- Party vote Green
- Candidate vote Labour
- ...and of course, keep MMP
To be fair, I've lived here for 3 years, work and pay tax, and I'm not a million miles from being a resident, so I feel it's okay to have and share an opinion. That's what I do on this blog anyway.
To be brief:
- National are almost certain to win this election, i.e. be the biggest party (but probably not a majority, for you foreigners - NZ hasn't had since a majority govt since introducing MMP. More on that below.) Labour are extremely unlikely to win, also I'm not even sure they're ready to govern again yet, and I'm not convinced Phil Goff is Labour leader material, never mind prime minister material.
- However, having a strong opposition in Labour and the Green Party is not only healthy for democracy, it is the best hope for a check on National's "drill it, mine it, sell it" approach to New Zealand's future.
- The Green Party will not win any electoral seats but they already have a significant presence in parliament. A party vote will help give them a strong presence in parliament, whether in opposition to the government or (less likely, but possible) working as coalition partners with National.
- MMP is a great voting system, by which I mean, it's much less rubbish than the other ones. It represents the wishes of the country fairly, and gives smaller parties a place in parliament, and both of these things give voters a much greater choice. It also means parties have to agree and make decisions consensually, in agreement, rather than through argument and confrontation which the public don't need. MMP is a huge improvement on the shoddy outdated first-past-the-post system my country uses, and I urge everyone to vote to keep it.
- State-owned assets - economic times are very tough, but they look set to be tough for years to come. National's policy of selling state-owned assets which provide income for the NZ state is worringly short-sighted, because you can only sell assets once - yet National's policy, like all right-wing parties, will always be to sell, even in 15 years when they've already sold everything.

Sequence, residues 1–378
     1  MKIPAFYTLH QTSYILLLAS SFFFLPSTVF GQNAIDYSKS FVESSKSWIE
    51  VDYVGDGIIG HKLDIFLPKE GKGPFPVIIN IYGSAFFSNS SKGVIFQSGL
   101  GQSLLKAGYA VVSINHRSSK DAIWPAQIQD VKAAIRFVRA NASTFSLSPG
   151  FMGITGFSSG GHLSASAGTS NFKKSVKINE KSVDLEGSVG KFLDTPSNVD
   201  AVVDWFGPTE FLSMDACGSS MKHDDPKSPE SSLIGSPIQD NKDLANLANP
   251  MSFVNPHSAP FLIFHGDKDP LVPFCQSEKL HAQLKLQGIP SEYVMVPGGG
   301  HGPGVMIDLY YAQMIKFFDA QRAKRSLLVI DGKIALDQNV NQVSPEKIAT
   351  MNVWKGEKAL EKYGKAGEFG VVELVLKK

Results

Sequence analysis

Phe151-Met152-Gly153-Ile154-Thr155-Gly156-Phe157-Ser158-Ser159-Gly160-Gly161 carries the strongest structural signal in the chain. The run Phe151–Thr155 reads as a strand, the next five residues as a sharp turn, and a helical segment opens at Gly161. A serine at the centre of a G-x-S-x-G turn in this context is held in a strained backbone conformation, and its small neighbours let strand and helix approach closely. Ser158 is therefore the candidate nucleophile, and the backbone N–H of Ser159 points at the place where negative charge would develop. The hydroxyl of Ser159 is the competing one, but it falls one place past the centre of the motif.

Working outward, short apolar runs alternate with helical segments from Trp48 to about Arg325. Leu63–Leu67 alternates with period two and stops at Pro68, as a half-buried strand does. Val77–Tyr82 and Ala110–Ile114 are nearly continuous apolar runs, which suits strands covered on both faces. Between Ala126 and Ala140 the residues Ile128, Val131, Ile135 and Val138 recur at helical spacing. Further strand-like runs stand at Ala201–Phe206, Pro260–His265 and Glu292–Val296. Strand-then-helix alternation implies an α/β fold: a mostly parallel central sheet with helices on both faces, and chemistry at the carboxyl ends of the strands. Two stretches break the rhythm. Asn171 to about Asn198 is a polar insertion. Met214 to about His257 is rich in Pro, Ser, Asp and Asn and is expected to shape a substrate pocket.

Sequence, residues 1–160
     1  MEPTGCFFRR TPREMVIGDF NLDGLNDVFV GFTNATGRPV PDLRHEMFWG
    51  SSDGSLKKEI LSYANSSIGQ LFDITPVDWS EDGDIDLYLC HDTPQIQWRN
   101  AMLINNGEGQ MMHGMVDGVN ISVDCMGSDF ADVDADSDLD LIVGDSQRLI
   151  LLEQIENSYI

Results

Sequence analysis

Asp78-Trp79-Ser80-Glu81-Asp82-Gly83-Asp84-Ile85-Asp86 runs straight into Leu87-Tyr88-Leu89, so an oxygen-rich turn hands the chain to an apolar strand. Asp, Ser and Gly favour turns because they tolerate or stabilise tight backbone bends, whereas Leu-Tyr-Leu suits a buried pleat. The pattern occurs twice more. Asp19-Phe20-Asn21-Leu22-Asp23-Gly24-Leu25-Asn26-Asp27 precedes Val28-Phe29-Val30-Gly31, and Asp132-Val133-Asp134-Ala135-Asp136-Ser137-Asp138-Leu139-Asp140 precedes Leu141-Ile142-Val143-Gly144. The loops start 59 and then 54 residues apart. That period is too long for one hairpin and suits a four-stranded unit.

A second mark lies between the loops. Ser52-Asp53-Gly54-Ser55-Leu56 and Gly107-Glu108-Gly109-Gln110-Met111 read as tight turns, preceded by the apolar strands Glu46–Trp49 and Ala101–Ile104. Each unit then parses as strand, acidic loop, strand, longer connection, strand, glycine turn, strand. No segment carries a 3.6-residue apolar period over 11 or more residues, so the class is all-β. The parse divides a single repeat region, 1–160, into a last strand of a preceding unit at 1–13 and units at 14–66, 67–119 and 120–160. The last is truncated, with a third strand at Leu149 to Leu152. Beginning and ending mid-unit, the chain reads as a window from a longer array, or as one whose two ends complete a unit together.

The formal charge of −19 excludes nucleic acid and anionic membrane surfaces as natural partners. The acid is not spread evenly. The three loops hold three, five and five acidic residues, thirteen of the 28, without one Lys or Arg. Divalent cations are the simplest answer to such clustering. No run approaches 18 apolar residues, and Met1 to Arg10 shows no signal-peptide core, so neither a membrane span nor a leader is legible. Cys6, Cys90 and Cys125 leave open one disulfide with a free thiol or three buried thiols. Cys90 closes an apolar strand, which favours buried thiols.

- Environment, drilling, mining - National have a similar short-sighted attitude to the environment - they've already tried selling off conservation land for mining, despite the fact that you can only mine land once. Not only that, but you cannot turn mined land back into pristine native bush, and it seems beyond belief that after BP & the Deepwater Horizon last year and the Rena wreck and oil spill this year, National want to drill for oil in the sea. For a country that relies and trades on its clean green reputation and its environment, these are short-term decisions with unnecessary risks which dump New Zealand with a poorer future.
- Rivers - New Zealand's rivers and lakes are in a shocking state. It seems obvious that the Green Party has made it one of their policies, and maybe it's not a pressing issue for the country. But again, it seems insane that a country which trades and relies heavily on its clean green image has 1/3 of rivers too polluted to swim in. 1/3! It's not anti-business to get farms and industry to act faster in reducing pollution into natural waterways, it's responsibility.
There's way more than that to the election and New Zealand's next 3 years, but that's a brief summary of my verdict.
After being a fairly poor opposition party the last 3 years without Helen Clarke, Labour have run a surprisingly good campaign, and the issue of state-owned assets by itself gives a stark choice between the 2 main parties. Having seen a huge amount of privatisation in my lifetime, even under the British Labour party, I can happily say the only time to sell national assets is if it is right in principle and right in practice. Selling off New Zealand's assets at a time when it needs all the income it can get to provide for New Zealanders is a stupid decision - among other cheesy metaphors I could use, when you are in a hole, you don't sell your ladder - and something I sincerely hope National are not able to achieve.
Good luck progressives, and good luck New Zealand.